In Return to God, Return to Joy which I posted on February 10, 2019, I realized that I badly need to change direction in my blogging. I want to write about what’s in God’s heart, not my heart. I want forgiveness to be the theme, not conflict. I want to return to love and peace. I’m sure you’d like that too.

In the original Living Room blog I see repeatedly how close I was to God. What happened to me? This morning I found myself praying, “Please, Lord, bring me back to you. I need you. This is your work I do, not mine.”

As I was reading Brennan Manning’s book, The Furious Longing of God, I was reminded of all I’ve written about how I often feel like a child. I bet many of you feel that way. Manning quotes Romans 8:15 (NASB): For you have not received a spirit of slavery leading to fear again, but you have received a spirit of adoption as sons by which we cry out, “Abba! Father!”

You probably remember how the word Abba literally means : daddy, papa, my own dear father. Jesus says that we may address our almighty God with this kind of intimacy – the intimacy a child would enjoy with his father.

We all know that God loves us. But have you ever wondered what it would be like to sit on his lap as a child might? Totally his. Can you feel the love? Brennan Manning offers a description of what it would be like to be that close to God as you pray. Manning asks us:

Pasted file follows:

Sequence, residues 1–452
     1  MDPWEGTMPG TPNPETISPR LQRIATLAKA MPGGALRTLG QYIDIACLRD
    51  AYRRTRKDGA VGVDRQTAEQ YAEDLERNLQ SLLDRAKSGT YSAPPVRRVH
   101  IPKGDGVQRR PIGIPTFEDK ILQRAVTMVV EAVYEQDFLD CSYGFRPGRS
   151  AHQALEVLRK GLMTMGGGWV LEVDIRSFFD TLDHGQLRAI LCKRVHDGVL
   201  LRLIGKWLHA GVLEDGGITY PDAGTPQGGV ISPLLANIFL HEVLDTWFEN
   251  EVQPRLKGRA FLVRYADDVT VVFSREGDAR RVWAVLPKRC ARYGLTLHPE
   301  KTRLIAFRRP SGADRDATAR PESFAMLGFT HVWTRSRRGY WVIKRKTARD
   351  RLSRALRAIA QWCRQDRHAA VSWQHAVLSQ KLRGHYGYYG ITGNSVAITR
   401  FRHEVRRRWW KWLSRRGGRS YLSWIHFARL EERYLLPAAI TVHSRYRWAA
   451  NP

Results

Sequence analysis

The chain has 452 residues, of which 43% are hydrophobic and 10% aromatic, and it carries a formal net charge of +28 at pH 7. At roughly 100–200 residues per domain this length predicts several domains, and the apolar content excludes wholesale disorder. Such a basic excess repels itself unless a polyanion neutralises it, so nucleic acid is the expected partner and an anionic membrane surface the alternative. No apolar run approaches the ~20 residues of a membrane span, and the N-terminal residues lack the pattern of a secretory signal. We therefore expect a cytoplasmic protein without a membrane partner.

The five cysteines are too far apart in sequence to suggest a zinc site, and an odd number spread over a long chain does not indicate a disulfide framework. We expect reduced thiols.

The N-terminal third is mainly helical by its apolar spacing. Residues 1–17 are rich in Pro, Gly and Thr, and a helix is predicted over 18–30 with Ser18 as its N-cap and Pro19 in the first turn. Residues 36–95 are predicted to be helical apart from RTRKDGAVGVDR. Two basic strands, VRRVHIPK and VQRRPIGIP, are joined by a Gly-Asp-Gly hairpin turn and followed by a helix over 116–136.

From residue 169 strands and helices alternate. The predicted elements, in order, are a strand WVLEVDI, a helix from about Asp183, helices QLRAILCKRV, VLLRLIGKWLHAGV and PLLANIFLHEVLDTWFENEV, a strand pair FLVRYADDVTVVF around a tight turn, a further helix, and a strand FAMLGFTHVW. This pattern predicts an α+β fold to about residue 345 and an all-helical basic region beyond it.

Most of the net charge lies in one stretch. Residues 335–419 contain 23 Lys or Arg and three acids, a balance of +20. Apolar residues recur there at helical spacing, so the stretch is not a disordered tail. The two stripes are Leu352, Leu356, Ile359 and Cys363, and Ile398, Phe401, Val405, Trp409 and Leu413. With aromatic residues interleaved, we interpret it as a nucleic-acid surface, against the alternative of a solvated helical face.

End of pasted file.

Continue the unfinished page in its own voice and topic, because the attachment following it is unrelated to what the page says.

“Is your own personal prayer life characterized by the simplicity, childlike candor, boundless trust, and easy familiarity of a little one crawling up on Daddy’s lap? An assured knowing that the daddy doesn’t care if the child falls asleep, starts playing with toys, or even starts chatting with little friends, because the daddy knows the child has essentially chosen to be with him for that moment? Is that the spirit of your interior prayer life?”

…And on we now go with more writings, returning to God and to joy.

Although I may no longer have official leadership, I would still like to post the rest of the original Living Room blog which goes to 2013. I haven’t looked ahead to see the content. It will be a surprise for you and me. I will try not to forget drawing attention to what it means to live with mental health issues: How can we learn to feel good about ourselves? How can supporters understand us and our needs better?